Once in a while Friday arrives and I wonder, “What am I going to write about for next week?” This last Friday was one of those times – until I received a call from Kimberly Herman, the public affairs officer for Social Security in Oregon. She asked me to share with you the best way to reach a Social Security representative by phone now that the local office is closed because of COVID-19.
While most business with the Social Security Administration (SSA) can be done online, if you did want to call your local Social Security office that’s closed, you were told to call the 800 number for SSA – and hope your cell phone battery is charged because it can take several hours to finally talk to someone.
SSA understands that is not acceptable and have made some changes. Now if you want to speak to a representative you can call the local office number on weekdays between 9:00 a.m. and 4:00 p.m. You can find the number online using the Social Security Office Locator. But to save you time, the number for The Dalles office is 1-877-405-3526. And again, don’t call the 800 number if you want a quick response.
There is one exception. Although the Social Security offices are closed to walk-in visitors, you may be able to schedule an appointment for limited, critical issues if they cannot help you by phone or conduct your business online.
If you are comfortable going online, SSA has information about all their services at ssa.gov. There you can find your latest statement, request a replacement Social Security Card or Medicare Card, change your address, set up or change direct deposit, print proof of benefits or your 1099, and review your earnings history. (I’ve forgotten how little I earned forty years ago!).
And while I’m writing about Social Security, this is a good time to remind you about the Medicare “NEVERS” that help protect you from Medicare fraud
Medicare will NEVER contact you for your Medicare Number or other personal information unless you’ve given them permission in advance; NEVER call you to sell you anything; NEVER promise you things if you give them a Medicare Number; NEVER visit you at your home; and Medicare will NEVER enroll you over the phone unless you called first.
During the COVID-19 pandemic, the Social Security Administration remains committed to providing uninterrupted benefits and vital services you rely on. Whether you go online or call your local Social Security Office, they want to make it easy for you to get the help you need.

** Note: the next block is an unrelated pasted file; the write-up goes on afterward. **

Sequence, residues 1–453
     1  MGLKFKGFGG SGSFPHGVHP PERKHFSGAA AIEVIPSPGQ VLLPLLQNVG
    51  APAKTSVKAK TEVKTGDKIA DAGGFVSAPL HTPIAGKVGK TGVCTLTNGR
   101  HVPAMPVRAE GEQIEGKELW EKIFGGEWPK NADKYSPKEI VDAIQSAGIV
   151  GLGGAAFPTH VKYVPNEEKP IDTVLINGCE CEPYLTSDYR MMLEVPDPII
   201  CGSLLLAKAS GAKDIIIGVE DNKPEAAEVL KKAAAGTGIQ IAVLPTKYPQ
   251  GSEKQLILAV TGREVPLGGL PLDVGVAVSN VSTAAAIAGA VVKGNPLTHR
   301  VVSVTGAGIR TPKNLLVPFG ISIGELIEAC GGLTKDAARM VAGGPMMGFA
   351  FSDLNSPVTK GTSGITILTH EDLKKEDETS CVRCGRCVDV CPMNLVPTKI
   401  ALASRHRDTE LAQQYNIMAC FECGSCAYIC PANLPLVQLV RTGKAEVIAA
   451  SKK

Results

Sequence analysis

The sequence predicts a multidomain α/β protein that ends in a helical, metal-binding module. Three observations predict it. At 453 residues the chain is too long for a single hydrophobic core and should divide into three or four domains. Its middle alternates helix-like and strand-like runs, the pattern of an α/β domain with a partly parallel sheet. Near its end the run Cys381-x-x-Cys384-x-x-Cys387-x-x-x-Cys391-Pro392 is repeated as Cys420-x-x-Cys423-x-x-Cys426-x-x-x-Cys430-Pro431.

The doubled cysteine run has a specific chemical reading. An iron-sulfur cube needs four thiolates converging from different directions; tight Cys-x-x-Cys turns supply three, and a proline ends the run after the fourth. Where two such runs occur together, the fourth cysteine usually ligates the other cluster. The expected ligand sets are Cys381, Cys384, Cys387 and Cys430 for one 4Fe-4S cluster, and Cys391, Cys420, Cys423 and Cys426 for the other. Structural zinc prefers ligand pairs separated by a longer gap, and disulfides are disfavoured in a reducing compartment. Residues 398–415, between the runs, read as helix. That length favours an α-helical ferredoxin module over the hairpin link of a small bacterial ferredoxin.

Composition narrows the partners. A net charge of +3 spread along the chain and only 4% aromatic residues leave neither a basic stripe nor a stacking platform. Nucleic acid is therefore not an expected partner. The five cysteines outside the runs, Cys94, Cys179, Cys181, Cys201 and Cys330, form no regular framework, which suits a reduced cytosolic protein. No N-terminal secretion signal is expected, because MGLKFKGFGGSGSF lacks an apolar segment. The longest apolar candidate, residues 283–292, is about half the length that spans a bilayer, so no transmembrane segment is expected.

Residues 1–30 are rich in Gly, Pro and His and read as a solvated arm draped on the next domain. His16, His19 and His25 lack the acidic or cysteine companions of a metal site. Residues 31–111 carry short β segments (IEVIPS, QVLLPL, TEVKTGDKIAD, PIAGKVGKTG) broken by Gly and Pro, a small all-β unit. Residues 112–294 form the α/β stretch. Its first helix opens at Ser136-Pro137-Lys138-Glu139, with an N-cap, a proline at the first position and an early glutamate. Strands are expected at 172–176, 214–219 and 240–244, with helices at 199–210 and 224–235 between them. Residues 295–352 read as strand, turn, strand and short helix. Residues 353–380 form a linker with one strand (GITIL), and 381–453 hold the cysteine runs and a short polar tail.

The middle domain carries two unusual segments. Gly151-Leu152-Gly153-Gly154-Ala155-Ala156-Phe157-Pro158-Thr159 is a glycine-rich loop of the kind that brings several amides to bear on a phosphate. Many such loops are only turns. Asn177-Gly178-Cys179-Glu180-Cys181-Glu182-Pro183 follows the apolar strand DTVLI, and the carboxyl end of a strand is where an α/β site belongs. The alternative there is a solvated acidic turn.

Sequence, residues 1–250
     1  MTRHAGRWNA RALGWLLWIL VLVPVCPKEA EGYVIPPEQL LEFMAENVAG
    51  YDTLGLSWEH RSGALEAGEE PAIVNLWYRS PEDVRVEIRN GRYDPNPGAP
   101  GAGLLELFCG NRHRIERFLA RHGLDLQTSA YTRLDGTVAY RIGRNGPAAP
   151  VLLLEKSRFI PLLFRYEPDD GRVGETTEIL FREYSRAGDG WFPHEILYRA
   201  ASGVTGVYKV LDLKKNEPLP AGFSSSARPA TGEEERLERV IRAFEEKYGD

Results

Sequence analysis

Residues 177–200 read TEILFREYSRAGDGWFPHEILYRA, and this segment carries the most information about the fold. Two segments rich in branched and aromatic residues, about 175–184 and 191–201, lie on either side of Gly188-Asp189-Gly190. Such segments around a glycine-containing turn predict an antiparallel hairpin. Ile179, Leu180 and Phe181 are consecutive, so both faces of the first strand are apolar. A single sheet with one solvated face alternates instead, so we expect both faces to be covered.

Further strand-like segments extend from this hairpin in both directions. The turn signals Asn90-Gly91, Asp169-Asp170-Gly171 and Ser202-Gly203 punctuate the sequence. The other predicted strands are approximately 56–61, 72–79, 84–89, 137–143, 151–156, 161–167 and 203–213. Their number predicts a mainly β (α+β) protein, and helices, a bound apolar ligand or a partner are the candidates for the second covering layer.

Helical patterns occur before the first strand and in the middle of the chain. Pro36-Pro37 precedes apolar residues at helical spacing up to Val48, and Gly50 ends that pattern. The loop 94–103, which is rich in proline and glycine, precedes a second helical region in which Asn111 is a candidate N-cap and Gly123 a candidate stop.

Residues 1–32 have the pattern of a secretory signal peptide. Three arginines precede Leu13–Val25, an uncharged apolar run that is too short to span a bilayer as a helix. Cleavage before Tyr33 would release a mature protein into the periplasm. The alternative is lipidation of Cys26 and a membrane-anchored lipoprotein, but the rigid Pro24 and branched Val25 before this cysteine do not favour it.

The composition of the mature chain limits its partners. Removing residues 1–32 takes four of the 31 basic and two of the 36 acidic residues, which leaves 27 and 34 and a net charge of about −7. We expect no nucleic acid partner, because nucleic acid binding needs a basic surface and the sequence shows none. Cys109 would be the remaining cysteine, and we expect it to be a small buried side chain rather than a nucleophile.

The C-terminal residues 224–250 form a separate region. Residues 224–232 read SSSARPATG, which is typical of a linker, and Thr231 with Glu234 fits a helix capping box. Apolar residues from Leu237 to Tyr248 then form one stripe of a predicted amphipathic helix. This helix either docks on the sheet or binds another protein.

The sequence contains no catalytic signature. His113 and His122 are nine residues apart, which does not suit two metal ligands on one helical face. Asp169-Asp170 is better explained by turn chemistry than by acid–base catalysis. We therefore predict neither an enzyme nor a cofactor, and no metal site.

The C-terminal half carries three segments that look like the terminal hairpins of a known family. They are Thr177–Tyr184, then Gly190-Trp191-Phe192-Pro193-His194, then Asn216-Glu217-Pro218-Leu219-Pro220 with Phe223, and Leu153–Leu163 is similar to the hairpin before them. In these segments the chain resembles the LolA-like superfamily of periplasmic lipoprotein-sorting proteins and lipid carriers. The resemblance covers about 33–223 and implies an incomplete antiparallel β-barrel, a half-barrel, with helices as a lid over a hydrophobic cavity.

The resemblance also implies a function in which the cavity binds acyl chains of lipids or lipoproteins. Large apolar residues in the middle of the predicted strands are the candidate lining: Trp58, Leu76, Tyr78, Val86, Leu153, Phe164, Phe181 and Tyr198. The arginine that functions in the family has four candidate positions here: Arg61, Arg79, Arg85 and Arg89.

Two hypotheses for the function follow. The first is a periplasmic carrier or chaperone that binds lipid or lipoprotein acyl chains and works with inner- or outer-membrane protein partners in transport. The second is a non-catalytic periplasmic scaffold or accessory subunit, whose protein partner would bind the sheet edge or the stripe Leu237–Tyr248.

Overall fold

Thanks to everyone who bought one of the almost five hundred masks sold at the Center’s Facemask Sale last Friday and Saturday. But if you missed it, you can still purchase a new and improved mask with behind the ear adjustable elastic straps for adults and children for $5. You can find them at The Dalles Farmer’s Market on Saturdays from 9:00 – 1:00 or call the Center to schedule a time to pick one up.
It was Michael who rowed the boat ashore in the African-American spiritual recorded by the Highwayman which reached number one in 1960. I received correct answers from Barbara Cadwell, Sandy Haechrel, Diana Weston, Tina Castanares, Rhonda Spies, Betsy Ayers, Beverly McKinney, Susan Donnelly, Rose Schulz and Keith Clymer this week’s winner of a quilt raffle ticket. And I hope I haven’t forgotten anyone, because last week I missed Susan Ronning and Sandy Haechrel.
When you were a child, your father may have read you the Sunday comics which probably included this comic strip that took place on the fictional army post Camp Swampy. For this week’s “Remember When” question, what was the name of the comic strip first published in 1950, created by Mort Walker and featured an army private who was often the subject of verbal and physical chastising from his superior officer, Sergeant Snorkel? Email your answer to firstname.lastname@example.org, leave a message at 541-296-4788 or mail it with the directions to Camp Crowder, the inspiration for Camp Swampy, where Mort Walker had once been stationed while in the Army.
Well, it’s been another week, trying to just get on with it. Until we meet again, there is always time to make new memories.
“There is a sacredness in tears. They are not a mark of weakness, but of power. They speak more eloquently than ten thousand tongues. They are the messengers of overwhelming grief, of deep contrition, and of unspeakable love.” Washington Irving